In a construction contract, an indemnity clause is an agreement between the parties regarding responsibility for losses or damages in connection with the construction project. Basically, an indemnity clause provides one of the parties with security against damages and sometimes exempts them from liability caused by their own acts
Indemnity clauses generally state that the contractor will indemnify the owner and hold them without fault for any losses, claims, demands, or lawsuits resulting from defects in the contractor’s performance. The clause provides the property owner with safeguards from many types of losses associated with the specific contractor (i.e., a designer or architect).
Some construction contracts include indemnity clauses for the contractor. These clauses state that the owner releases the contractor from liability. For example, an indemnity clause for limitation of liability for contractors will deal with secondary issues such as attorney’s fees or court costs.
Indemnity clauses are generally enforced so long as they do not violate any liability requirements. However, state laws sometimes look unfavorably upon indemnity clauses, especially clauses that limit contractor liability. This is because contractors always owe a general duty of care to the property owner. In some states indemnity clauses for contractors are rejected, though sometimes they are accepted subject to limitations.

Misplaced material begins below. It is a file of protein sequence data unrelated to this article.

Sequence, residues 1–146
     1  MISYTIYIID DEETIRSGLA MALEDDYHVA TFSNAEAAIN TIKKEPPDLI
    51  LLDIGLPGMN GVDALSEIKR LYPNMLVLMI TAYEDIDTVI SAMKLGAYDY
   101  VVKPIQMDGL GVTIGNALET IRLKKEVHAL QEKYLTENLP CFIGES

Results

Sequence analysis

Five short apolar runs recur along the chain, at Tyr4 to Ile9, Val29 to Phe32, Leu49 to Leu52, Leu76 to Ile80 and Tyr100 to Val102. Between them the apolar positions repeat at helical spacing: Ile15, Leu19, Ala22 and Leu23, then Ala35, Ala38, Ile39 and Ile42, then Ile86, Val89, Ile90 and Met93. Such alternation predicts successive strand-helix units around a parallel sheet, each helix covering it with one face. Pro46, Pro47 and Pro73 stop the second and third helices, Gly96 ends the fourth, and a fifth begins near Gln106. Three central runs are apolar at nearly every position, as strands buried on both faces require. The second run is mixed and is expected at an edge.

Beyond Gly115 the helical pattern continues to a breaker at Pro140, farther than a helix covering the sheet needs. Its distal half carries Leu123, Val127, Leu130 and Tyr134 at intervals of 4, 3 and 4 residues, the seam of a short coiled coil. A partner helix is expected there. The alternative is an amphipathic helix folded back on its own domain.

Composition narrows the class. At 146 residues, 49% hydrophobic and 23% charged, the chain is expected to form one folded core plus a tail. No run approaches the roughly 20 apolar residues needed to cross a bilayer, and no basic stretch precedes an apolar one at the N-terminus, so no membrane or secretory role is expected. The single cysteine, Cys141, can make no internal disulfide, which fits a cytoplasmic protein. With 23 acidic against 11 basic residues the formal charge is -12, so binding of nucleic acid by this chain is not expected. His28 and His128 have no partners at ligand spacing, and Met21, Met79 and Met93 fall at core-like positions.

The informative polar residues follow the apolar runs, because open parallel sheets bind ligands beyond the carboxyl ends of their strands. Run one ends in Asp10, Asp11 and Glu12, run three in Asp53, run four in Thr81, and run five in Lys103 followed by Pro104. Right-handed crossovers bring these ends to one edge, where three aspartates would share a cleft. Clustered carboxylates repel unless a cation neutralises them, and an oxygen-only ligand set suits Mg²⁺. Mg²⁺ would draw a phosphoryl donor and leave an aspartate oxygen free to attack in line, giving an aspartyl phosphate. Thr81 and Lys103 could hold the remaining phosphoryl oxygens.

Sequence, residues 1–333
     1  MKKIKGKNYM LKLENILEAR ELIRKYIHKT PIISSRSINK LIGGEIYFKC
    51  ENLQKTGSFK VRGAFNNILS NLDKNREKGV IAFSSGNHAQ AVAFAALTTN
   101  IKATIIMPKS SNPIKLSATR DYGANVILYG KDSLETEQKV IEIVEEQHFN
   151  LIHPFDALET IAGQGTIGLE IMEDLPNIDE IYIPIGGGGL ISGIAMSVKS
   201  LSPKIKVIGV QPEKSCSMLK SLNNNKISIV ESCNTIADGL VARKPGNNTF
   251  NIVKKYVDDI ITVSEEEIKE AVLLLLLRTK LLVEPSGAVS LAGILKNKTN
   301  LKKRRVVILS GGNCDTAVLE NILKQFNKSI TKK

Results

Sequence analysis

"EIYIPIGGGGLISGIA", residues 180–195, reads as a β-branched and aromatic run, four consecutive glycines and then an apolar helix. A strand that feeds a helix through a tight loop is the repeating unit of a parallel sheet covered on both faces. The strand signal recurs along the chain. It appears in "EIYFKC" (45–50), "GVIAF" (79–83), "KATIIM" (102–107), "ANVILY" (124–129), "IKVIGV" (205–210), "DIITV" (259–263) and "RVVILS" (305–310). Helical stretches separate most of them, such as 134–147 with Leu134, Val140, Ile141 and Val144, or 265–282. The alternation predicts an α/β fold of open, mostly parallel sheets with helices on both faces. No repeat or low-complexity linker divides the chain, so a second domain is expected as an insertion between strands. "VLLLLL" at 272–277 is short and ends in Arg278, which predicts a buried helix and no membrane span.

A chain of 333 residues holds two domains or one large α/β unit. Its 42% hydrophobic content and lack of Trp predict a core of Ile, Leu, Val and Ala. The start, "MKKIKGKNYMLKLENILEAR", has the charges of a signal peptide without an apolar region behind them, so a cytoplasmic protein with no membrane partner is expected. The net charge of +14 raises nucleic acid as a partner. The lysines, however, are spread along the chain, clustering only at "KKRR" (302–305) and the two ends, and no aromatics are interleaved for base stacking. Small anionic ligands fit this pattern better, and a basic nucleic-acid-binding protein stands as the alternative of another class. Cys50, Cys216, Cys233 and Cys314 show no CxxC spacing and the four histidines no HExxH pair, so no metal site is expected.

A court is more likely to uphold indemnity clauses that do not directly limit the contractor’s liability for negligence or wrongdoing. Since indemnity clauses are subject to contract law, the parties are free to negotiate according to their individual circumstances. However, indemnity clauses must fit properly within the requirements of liability laws.
An indemnity clause may be invalidated if it is created under conditions of fraud or duress (the use or threat of force to obtain the agreement). For example, if the indemnity clause is difficult to identify in the contract or if it contains misleading language, it may be unenforceable in court.
One common remedy for indemnity clause disputes is where a court allows the parties to rewrite the clause to better reflect their original intentions. A judge may decide to strike down the clause in whole or in part if it is unreasonable, or if the parties’ intentions cannot be clearly determined from the clause.
If a construction contracts indemnity clause is found to be invalid, the party will not be held liable to the clause. Instead, liability will be determined according to statute or relevant case laws. In this case the contractor may once again become subject to a lawsuit if the previous clause is invalidated.
Indemnity clauses can sometimes be a necessary part of construction contract agreements. Some construction projects cannot proceed without clear instructions regarding the various parties’ liabilities. However, an indemnity clause must be drafted in a way that both parties will understand. For this reason, it is highly recommended that you consult a contracts attorney if you will be needing an indemnity clause. Your business lawyer will be able to draft and review the clause for you, and can also provide advice in case a lawsuit arises.